by Beth Plummer, Susan C. Karant-Nunn Chair in Reformation and Early Modern European History
On a beautiful, sunny morning in late May, after I had finished my final grades for the spring semester, I thought about my research plans during the summer break. Despite already being in Germany, I know that research in its traditional form is not possible for the second summer in a row.
Few colleagues from around the world will come to the Duke August Library in Wolfenbüttel for their annual research sojourn this year. I will miss the many lost discussions over coffee hour in the library garden or during summer evenings sitting in one of the few, but long since beloved, local restaurants. As Germany still struggles to get the pandemic under control, the garden is empty, and those restaurants are only slowly reopening. The library itself has limited opening times, housing, and research space for the few scholars here.
While my colleagues and I all hope that in-person research and meetings will be possible again soon, we know that research and scholarship has changed and will continue to do so. Over the last year, I have taken part in webinars focused on how scholars can continue to be productive and exchange ideas during an ongoing public health crisis and shrinking funding availability. The creativity and efforts of so many individuals have ensured that such scholarly exchanges can continue. Numerous universities, research centers, and professional societies have also adopted social media sites and content sharing technology to hold meetings, record workshops, and facilitate discussion to support such contact.
Technology also has made research activity possible in ways that most of us never imagined. Some of these new scholarly tools have been in use long before this pandemic. We all regularly consult an increasing number of digitized articles and books available at our home institutions. Over the last decade, a growing number of archives and libraries with repositories of early modern manuscripts and printed books have begun digitizing their collections. The current circumstances have expanded these efforts and spurred on other digitization projects. In particular, archives are improving online finding aids and offering new digitization services.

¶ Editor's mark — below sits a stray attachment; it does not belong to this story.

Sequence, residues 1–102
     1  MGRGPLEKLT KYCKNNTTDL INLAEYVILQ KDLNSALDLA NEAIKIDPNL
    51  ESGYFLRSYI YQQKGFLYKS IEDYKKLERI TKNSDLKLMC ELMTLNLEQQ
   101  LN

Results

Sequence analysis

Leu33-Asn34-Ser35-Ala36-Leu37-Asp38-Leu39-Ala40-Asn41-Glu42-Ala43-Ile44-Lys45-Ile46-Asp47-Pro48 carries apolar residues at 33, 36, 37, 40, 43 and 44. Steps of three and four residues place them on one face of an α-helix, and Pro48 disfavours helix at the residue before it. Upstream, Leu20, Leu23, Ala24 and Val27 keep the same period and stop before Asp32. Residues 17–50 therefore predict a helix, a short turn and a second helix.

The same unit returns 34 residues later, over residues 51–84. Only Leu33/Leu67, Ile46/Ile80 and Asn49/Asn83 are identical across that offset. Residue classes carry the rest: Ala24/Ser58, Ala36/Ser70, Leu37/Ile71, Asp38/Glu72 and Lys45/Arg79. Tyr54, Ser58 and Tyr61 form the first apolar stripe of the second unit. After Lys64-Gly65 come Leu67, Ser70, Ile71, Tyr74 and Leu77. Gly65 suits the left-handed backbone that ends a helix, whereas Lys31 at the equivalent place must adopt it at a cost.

Thus, research can continue, even if in a modified form. I now regularly order archival documents, early modern print books, and articles from a variety of archives and libraries. In the last month alone, I ordered archival documents produced by an abbess in Weissenfels in Saxon-Anhalt from the main state archives in Dresden and articles written by a professor at the Technical University of Dresden from Interlibrary Loan at the University of Arizona. All of this arrived quickly, allowing me to keep working and writing. Still, what I will be doing this summer is not what I had planned. Instead of beginning research on my next book, I will spend most of the summer at my desk editing my book manuscript in preparation for its publication with Oxford University Press.
What is missing are the unexpected moments of discovery that come from an unexpected discussion with someone during a conference or unplanned meeting in an archive or the accidental discovery in an archive or library that turns out to be pivotal to one’s research or thinking about a topic or problem. I wonder, for instance, what would I have learned if I could have traveled to Dresden to look at those documents in person and could have also ordered related documents just to see what was there. And what if I could have taken the opportunity of being in Dresden to visit with that professor in person to discuss our common research interests. That serendipity of research is what we all miss right now.
The ongoing challenges and obstacles faced doing research under these conditions often seem insurmountable, especially for many younger scholars. Nevertheless, we are all moving ahead, finding new ways to do research, and gradually emerging into a new normal that will, surely, bring back in-person visits to archives, libraries, and historical sites that we all enjoy so much.
This essay was part of the Spring/Summer 2021 Newsletter Desert Harvest, produced by the University of Arizona Division for Late Medieval and Reformation Studies.